Toronto takes MLS' progress to the final frontier
We will know in two weeks whether Major League Soccer’s time has finally come in the Concacaf Champions League – a regional competition that’s become an ongoing reference point, sometimes seemingly a never-ending one, for relative league quality.
Whether it should be, and what the real-world bounce might be once the elusive moment inevitably arrives that an MLS team is finally top of the Concacaf hill, all remains up for debate. But enticingly, we may be very close to finding out.
See, this star-packed and increasingly steeled club Toronto FC has a real shot here. The Reds have a legitimate chance to become the first Concacaf Champions League winner from anywhere except Mexico.
The chance will come excitingly quickly. Greg Vanney’s team meets Chivas de Guadalajara for the CCL crown and the consequent spot in FIFA’s Club World Cup. Home and away dates are scheduled for April 17 and 25.
Major League Soccer’s quest was hardly complete on Tuesday. On the night Toronto’s Reds booked their spot, the New York Red Bulls went out, cruelly eliminated in the home-and-away semifinal against Mexico’s Chivas. The popular team from Guadalajara was just about cynical and scrappy enough to survive the barrage of shots (an eye-popping 20-1 edge for NYRB) to advance.
Progress in this case was a Liga MX side arriving at an MLS venue intent on parking the proverbial bus in a best-hope bid for survival. As moral victories go, it’s not a bad one, although surely cold comfort to the Red Bulls. Anyone who watched the series dispassionately would probably check “New York” as the better team. No matter; the popular Mexican club did what was needed against relentless high pressure and flies home as a Champions League finalist.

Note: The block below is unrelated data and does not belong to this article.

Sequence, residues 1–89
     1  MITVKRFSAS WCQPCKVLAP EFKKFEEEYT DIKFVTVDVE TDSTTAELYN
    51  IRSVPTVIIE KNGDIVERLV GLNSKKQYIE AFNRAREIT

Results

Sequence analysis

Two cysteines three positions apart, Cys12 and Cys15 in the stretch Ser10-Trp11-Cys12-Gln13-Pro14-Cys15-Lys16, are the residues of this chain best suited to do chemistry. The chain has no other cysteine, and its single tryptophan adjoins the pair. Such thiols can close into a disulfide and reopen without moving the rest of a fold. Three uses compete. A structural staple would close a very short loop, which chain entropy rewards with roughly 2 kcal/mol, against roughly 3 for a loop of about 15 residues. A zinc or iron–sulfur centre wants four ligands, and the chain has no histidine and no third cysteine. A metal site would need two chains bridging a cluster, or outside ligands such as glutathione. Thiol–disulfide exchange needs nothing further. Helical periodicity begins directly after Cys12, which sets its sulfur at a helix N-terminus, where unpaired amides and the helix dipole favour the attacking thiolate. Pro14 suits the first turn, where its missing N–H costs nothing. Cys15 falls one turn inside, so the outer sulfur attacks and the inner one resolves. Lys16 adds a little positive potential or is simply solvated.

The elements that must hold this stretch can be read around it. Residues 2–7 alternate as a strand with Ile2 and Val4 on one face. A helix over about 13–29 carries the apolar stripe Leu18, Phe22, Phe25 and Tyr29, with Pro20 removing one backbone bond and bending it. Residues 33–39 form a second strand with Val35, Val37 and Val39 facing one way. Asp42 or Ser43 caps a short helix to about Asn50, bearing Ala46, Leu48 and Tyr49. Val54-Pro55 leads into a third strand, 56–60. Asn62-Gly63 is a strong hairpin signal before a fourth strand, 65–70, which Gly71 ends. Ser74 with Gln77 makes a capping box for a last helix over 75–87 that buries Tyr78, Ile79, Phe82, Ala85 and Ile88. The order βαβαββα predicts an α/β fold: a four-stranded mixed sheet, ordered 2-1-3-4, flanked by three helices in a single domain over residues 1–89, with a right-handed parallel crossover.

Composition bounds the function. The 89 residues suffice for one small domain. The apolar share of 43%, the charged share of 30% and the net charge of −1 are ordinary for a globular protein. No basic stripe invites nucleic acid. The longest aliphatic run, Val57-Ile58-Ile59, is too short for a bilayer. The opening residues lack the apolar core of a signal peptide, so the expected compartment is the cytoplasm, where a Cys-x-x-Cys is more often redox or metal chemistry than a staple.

Thus, just as FC Dallas had done last year, the Red Bulls saw their Champions League dreams end in the semifinal round. For MLS teams, that has been more or less par for the Concacaf course over the last few years: plenty of quarterfinalists along with a scattering of semifinalists, plus a pair of underdogs (Real Salt Lake and the Montreal Impact) who willed their way into finals.
MLS v Liga MX in CCL
MLS teams in Concacaf Champions League finals:
2011: RSL 2-2 Monterrey
Monterrey 1-0 RSL (agg. 3-2)
2015: América 1-1 Montreal
Montreal 2-4 América (agg 3-5)
About the same time Red Bulls manager Jesse Marsch was talking in a post-game presser about “bitter pills” and the quality of his young team – “It’s almost impossible, the way the game played out … that we can somehow not find a way to score a goal and find a way to be dangerous around the goal all night long, but not make that final play,” he said – Toronto FC was marching inexorably toward potential history. “More” history, we should say. Which is exactly why this team can reasonably be trusted to finish the job.
Treble winners keep meeting the challenge
Vanney’s team has gracefully high-stepped every substantial hurdle over the last 16 months. Deserving of MLS Cup in 2016 but nipped in penalty kicks in the final, the Reds were clearly a team on a mission in 2017. They got there and then some, earning a first domestic treble in 22 years of MLS history. Armed with last year’s Canadian Championship, Major League Soccer’s Supporters Shield and (most importantly) MLS Cup, the BMO Field bunch really have only one world to conquer: Concacaf Champions League.
Never mind that TFC had a semifinal hill to climb against a traditional Liga MX (and indeed CCL) power in Club America. Never mind Major League Soccer’s awful history as away teams in meaningful matches against clubs from south of the border. Never mind all the harrowing tales of discord due to Mexico’s famous, smoggy, high-altitude cauldron; the Reds were businesslike in earning a 1-1 draw at Estadio Azteca and seeing out a 4-2 aggregate edge. Unlike the way Chivas advanced, crawling through withering fire, tiptoeing away just happy to be alive, Toronto’s night was calm, confident and focused. It was exactly what you’d expect from a club that keeps finding new ways to separate itself from the MLS peloton.